American Slang - Gaslight Anthem, The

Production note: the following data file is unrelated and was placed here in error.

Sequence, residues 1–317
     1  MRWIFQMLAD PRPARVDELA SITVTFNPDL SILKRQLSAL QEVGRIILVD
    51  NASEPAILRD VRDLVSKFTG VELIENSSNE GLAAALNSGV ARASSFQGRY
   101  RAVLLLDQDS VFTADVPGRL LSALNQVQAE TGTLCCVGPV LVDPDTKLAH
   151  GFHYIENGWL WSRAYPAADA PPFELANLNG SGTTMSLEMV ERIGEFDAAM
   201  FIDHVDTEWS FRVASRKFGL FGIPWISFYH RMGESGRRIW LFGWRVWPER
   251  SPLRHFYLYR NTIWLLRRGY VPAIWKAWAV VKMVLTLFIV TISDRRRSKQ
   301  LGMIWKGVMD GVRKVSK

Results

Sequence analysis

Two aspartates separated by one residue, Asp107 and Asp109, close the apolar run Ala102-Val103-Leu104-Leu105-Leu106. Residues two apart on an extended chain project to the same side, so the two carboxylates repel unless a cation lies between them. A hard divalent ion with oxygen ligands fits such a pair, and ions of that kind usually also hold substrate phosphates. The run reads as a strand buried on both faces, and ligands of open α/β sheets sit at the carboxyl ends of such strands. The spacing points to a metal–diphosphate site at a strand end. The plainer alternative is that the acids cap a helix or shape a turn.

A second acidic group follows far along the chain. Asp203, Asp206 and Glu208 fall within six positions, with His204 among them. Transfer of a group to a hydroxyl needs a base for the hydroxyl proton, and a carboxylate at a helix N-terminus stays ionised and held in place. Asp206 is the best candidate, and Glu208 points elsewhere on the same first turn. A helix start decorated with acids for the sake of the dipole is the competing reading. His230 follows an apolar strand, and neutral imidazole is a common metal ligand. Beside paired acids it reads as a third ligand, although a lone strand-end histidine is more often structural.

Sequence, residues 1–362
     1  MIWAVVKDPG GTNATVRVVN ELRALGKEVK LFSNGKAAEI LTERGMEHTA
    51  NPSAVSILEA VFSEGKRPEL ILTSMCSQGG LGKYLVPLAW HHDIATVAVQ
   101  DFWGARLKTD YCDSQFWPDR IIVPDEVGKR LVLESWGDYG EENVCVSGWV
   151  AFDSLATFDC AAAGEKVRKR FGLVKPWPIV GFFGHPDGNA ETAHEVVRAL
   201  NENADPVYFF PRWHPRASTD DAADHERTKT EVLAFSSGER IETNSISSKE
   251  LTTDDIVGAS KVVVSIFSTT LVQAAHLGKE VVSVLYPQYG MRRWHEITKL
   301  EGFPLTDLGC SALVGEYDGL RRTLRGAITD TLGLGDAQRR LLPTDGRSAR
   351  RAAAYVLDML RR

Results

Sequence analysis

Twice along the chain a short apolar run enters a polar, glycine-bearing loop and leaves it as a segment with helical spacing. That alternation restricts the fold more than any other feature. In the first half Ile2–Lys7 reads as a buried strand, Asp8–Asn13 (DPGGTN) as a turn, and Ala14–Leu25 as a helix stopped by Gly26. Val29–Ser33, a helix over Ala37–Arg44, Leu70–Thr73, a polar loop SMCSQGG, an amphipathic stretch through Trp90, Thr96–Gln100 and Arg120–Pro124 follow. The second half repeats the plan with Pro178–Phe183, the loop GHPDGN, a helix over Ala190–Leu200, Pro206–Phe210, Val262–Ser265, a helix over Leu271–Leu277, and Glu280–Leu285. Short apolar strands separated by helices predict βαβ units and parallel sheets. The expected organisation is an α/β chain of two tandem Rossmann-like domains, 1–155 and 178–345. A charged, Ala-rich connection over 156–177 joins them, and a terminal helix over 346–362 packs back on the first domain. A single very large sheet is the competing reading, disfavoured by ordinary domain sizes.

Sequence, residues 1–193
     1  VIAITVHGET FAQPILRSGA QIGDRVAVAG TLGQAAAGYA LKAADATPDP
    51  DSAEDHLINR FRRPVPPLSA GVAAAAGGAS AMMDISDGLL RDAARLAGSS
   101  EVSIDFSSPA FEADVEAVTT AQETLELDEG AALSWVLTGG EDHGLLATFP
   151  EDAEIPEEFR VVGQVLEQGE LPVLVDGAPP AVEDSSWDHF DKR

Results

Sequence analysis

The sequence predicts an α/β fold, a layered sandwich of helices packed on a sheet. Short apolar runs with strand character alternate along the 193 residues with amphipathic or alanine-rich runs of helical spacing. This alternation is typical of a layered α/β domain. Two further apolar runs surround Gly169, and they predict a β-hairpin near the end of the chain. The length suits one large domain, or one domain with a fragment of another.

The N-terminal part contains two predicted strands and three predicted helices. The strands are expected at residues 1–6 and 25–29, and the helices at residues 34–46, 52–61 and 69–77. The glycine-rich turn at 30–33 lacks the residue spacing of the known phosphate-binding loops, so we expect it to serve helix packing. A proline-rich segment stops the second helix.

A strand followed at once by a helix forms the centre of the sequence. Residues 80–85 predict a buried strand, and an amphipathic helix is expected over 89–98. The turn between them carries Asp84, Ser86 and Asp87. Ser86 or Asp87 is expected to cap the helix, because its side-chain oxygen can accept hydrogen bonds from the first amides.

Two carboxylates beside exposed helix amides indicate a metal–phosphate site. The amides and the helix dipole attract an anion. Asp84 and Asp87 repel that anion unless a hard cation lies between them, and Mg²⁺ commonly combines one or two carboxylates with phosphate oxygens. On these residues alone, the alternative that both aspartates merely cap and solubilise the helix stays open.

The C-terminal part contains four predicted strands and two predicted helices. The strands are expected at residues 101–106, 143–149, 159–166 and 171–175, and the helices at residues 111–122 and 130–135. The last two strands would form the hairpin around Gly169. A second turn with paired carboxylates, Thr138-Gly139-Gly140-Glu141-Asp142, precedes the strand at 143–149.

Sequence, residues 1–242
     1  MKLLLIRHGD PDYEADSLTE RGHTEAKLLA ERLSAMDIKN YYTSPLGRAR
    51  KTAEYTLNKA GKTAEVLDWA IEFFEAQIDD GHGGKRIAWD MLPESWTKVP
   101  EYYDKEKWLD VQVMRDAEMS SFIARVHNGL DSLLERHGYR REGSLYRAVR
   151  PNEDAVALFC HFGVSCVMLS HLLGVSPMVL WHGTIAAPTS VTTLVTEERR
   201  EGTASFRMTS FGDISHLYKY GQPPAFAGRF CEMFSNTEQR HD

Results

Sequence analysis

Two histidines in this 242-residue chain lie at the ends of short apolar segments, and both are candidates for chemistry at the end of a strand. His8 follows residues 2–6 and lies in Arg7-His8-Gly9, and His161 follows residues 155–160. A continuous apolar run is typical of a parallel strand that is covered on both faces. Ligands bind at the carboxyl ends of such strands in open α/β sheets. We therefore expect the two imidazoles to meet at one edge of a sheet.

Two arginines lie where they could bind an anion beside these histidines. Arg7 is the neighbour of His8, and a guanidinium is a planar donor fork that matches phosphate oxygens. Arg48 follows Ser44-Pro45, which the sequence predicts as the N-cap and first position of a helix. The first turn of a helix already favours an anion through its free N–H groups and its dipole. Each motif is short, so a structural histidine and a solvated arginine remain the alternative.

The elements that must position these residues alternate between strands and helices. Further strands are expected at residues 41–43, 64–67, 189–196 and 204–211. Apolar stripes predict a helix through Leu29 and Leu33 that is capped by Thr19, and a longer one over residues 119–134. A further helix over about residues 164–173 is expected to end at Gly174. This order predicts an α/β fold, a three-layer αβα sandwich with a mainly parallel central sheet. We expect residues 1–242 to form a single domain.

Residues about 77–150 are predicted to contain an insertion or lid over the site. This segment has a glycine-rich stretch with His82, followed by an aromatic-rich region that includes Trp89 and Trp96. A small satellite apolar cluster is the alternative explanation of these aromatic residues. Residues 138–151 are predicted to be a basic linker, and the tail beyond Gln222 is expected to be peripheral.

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With 'American Slang', The Gaslight Anthem makes an extraordinary leap forward towards that very goal. The New Jersey-based band's third long player reveals a remarkably powerful rock 'n' roll outfit honed by two years of nearly non-stop touring. Singer/guitarist Fallon's passionate lyrical approach has grown more personal and introspective, his raw throated vocals stronger and more resonant against the band's pulse-pounding dynamic force. Songs like 'Bring It On', 'Orphans' and the rousing title track bristle and burn with the spirit of soul, the energy of punk, and the artistic ambition of any hall of famer you'd care to name. 'American Slang' is the battle cry of a great band finding its own voice and using it to shout to the rooftops and beyond.The band began getting together for writing sessions at their longtime friend Kyle Roggendorf's basement in Parlin, NJ. Rehearsal in earnest started up in January, followed the next month by full-on recording at NYC's Magic Shop with producer Ted Hutt and engineer Ryan Mall, both of whom previously manned the boards on 'The '59 Sound'. The time spent woodshedding enabled the band to lay down the majority of 'American Slang' in a short, sharp burst of creative vigor. Sonic inspiration came in the unlikely guise of classic Brit blues-rock, with Peter Green-era Fleetwood Mac, Van Morrison, the Rolling Stones, and Derek & The Dominos serving as key muses for their musical muscle and eclectic directness. Fallon accepted sage wisdom from Derek himself via the guitar god's autobiography. A number of the band's many friends make cameo appearances on 'American Slang', including Jesse Malin, Brian Kienlen and Pete Steinkopf from Bouncing Souls, Vision's Dave Franklin, and Tommy Gunn of Communication Redlight. Always a band with an innate sense of community, the album pays homage to their Jersey punk roots with the New Wave soul-shaker 'The Diamond Church Street Choir' named in tribute to the band's old pal Andy Diamond, who booked their very first gigs at New Brunswick's famed Court Tavern.